This month (the week beginning the 13 April) Dig Greater Manchester returned to Radcliffe Tower in Bury for the first of our flagship community digs this year. This is the fourth season of excavations on this late medieval and post-medieval manorial site since 2012, and each time the archaeology story has become more complex. Our aim this year in returning to the site is twofold. As a flagship community dig it is designed to run for five weeks and be open to volunteers and members of the public from across the city region. Along with a second dig, at Buile Hill in Salford during September, it is the culmination of four years of research into community archaeology methodologies, the social impact of the DGM project and into the Manchester city region’s industrialisation.
BUT it is also the conclusion of an archaeological research journey that began in July 2012 with the second ever DGM evaluation excavation. This looked at industrial remains in Close Park, and at workers’ housing to the north of the tower along Church Street. This was the inspiration for the HLF and Bury Council supported Radcliffe Heritage Project. In 2013 we returned to investigate, through this community project, the story of the hall and tower from its late medieval origins through its decline into a farm and finally its partial demolition and swamping by industry. This involved a study of the archaeological remains of Tower Farm, examination of the c. 1840 workers housing along Tower Street, the stripping of the site of the hall and a detailed 3D study of the upstanding remains of the tower. It’s also involved a wider study of the manorial landscape of the hall and its tower, much of which was undertaken by a small team of volunteers researchers especially trained for this by staff from the University of Salford. This research included studies of the tithe barn, the church and its graveyard, the geology of the tower fabric and the industrial landscape around Radcliffe Tower. The 2013 excavations revealed substantial medieval deposits at the western end of the hall range and these were the subject of a third season of investigations in 2014, which frankly threw up more questions than it answered with an array of medieval walls and pottery underlying and sealed by the hall range. At the same time our impact study of the DGM project, ‘I think therefore I am’ used several of the Radcliffe volunteers as detailed case-studies of the social impact of the project.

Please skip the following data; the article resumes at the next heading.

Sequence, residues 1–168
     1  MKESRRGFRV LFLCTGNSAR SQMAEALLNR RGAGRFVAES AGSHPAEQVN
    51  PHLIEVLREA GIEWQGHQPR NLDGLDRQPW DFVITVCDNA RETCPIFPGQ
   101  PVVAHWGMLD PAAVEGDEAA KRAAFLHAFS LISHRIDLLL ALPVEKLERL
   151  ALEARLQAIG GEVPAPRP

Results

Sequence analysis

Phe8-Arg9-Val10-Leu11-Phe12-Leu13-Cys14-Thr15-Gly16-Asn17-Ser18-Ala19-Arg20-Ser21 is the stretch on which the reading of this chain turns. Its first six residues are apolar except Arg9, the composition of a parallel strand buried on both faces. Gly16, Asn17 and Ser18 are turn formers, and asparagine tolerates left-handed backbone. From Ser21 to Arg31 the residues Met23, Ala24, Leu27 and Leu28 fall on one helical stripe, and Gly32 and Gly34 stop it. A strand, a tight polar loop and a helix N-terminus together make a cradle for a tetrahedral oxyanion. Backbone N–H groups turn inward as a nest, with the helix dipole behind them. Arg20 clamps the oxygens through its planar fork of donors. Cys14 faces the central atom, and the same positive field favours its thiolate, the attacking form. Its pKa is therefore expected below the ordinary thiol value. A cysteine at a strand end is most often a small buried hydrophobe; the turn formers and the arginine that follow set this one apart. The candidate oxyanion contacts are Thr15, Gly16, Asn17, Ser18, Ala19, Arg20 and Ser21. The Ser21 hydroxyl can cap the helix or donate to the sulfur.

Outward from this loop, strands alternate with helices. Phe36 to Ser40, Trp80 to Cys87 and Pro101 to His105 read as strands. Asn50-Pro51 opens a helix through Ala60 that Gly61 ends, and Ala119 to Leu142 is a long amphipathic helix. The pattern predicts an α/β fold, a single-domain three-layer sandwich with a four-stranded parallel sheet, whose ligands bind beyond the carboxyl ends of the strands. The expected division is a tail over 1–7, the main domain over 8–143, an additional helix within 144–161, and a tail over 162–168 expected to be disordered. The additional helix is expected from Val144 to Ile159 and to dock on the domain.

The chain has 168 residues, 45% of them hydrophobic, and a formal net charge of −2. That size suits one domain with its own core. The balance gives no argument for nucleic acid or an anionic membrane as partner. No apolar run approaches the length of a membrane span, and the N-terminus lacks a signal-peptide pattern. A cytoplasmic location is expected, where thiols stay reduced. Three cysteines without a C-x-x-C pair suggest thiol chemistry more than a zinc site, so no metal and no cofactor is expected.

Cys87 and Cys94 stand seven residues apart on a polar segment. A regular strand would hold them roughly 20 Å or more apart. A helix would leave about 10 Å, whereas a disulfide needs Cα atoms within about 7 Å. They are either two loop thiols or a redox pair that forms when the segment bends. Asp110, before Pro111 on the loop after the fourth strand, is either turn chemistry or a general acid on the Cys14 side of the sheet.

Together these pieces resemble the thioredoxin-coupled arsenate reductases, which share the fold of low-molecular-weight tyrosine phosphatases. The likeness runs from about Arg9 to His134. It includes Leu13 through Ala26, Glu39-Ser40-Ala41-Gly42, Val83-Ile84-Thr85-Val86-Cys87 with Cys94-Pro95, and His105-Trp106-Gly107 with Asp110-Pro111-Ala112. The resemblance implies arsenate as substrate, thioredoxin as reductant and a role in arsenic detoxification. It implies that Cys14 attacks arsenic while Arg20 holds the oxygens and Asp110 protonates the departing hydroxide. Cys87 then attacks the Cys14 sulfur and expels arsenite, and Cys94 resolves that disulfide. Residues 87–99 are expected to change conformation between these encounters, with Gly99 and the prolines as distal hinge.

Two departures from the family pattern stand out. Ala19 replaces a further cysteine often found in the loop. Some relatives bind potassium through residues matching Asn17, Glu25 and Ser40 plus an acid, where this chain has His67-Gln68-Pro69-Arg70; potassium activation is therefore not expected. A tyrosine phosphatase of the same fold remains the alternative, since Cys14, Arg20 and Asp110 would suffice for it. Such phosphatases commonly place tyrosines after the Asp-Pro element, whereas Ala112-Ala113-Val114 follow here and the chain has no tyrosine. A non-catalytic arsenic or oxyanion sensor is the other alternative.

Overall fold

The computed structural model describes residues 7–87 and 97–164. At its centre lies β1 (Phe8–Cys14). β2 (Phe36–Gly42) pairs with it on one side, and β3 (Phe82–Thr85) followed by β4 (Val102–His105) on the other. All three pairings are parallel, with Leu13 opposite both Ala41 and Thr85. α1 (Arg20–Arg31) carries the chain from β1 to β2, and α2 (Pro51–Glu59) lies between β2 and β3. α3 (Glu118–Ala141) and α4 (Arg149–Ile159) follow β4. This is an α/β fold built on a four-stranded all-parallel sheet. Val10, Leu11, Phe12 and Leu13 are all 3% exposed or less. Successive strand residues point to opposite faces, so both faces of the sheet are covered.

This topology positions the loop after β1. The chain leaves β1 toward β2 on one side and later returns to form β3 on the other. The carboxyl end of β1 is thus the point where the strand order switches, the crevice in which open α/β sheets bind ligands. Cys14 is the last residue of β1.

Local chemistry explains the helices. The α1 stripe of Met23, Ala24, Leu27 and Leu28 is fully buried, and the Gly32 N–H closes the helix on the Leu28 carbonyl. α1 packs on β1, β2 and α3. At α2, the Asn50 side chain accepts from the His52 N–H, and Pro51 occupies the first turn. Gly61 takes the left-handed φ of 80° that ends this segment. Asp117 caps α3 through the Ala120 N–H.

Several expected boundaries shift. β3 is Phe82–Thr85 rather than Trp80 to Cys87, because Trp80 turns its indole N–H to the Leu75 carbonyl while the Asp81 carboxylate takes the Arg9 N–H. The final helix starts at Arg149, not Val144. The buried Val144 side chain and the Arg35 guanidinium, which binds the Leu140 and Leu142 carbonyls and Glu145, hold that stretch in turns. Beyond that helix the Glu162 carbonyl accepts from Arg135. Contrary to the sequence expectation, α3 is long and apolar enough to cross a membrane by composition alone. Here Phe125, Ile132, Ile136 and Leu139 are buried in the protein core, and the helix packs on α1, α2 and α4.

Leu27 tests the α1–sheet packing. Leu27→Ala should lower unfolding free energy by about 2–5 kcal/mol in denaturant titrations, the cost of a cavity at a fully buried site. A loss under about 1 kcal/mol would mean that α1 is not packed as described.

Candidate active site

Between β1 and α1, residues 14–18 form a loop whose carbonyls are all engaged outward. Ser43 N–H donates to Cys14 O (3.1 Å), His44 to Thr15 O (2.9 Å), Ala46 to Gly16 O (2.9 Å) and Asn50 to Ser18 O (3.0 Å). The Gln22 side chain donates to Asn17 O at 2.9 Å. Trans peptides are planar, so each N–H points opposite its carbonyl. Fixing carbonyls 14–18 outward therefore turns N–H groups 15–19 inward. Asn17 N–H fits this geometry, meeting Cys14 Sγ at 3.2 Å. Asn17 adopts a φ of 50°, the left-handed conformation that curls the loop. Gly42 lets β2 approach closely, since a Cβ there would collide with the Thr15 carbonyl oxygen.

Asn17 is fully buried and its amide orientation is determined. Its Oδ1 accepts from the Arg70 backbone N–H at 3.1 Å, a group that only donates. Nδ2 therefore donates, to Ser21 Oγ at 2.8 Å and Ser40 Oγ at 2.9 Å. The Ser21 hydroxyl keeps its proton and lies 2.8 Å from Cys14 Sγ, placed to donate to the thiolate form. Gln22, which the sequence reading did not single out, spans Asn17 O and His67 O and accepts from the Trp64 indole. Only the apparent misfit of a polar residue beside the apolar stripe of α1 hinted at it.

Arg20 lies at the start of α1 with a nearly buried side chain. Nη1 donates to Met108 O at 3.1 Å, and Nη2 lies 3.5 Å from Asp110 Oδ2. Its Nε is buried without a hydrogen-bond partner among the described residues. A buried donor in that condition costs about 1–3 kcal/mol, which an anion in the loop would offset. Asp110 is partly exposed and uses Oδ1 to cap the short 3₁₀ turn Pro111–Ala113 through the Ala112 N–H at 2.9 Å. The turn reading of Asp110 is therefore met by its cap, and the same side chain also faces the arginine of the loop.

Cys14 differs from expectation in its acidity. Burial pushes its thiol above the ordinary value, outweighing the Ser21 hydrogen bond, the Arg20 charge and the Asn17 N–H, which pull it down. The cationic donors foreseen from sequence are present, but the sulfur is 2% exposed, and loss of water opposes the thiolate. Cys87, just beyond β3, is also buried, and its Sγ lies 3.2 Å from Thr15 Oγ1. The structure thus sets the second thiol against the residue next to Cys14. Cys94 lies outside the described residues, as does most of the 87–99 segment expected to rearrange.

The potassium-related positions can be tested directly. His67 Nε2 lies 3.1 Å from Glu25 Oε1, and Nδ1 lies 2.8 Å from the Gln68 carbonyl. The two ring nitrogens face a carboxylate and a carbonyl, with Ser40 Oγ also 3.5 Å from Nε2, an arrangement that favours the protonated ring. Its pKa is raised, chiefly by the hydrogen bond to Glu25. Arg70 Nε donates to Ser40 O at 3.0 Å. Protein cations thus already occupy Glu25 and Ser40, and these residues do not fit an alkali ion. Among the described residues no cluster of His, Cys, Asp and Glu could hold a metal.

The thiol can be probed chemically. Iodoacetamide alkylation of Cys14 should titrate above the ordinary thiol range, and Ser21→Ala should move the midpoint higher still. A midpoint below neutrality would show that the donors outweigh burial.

So it was that having assessed all eleven DGM evaluations undertaken between 2012 and 2014 Radcliffe Tower was chosen as one of the two flagship sites. In the first week of the 2015 dig we have already uncovered substantial remains relating to the medieval hall and its western wing, including several red sandstone walls and a flagged floor surface. We also have the possible remains of a late medieval stone structure with 18th and 19th century modifications, as well as 19th century brick walls, stone flagged floors and tipper toilet blocks associated with the former workers housing which stood on Tower Street. We’ve even found some of the Bury Archaeology Group’s old ‘feature’ tags from their 1979 dig! More than 100 individuals have booked places on the dig, as well as many schools, all of whom will be helping to piece together the storey of Radcliffe Tower. Later in the year there will be a virtual and actual heritage trail launched encompassing the tower, as well as a population publication: all of which means that we have just three more weeks to uncover the origins of the hall and its tower. Watch this space.